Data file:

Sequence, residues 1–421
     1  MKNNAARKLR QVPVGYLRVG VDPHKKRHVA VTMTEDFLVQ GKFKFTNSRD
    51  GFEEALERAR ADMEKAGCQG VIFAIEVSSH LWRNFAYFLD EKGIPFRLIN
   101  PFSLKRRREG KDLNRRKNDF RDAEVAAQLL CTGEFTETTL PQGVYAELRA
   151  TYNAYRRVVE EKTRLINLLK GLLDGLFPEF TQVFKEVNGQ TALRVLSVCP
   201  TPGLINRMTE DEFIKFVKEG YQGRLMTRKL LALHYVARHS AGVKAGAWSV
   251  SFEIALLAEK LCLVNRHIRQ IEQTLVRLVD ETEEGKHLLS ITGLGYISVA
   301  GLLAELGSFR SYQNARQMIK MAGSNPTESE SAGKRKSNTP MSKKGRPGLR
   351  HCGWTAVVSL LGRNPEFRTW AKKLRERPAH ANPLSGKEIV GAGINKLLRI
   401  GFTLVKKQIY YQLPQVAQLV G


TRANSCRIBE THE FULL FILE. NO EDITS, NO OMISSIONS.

Sequence, residues 1–421
     1  MKNNAARKLR QVPVGYLRVG VDPHKKRHVA VTMTEDFLVQ GKFKFTNSRD
    51  GFEEALERAR ADMEKAGCQG VIFAIEVSSH LWRNFAYFLD EKGIPFRLIN
   101  PFSLKRRREG KDLNRRKNDF RDAEVAAQLL CTGEFTETTL PQGVYAELRA
   151  TYNAYRRVVE EKTRLINLLK GLLDGLFPEF TQVFKEVNGQ TALRVLSVCP
   201  TPGLINRMTE DEFIKFVKEG YQGRLMTRKL LALHYVARHS AGVKAGAWSV
   251  SFEIALLAEK LCLVNRHIRQ IEQTLVRLVD ETEEGKHLLS ITGLGYISVA
   301  GLLAELGSFR SYQNARQMIK MAGSNPTESE SAGKRKSNTP MSKKGRPGLR
   351  HCGWTAVVSL LGRNPEFRTW AKKLRERPAH ANPLSGKEIV GAGINKLLRI
   401  GFTLVKKQIY YQLPQVAQLV G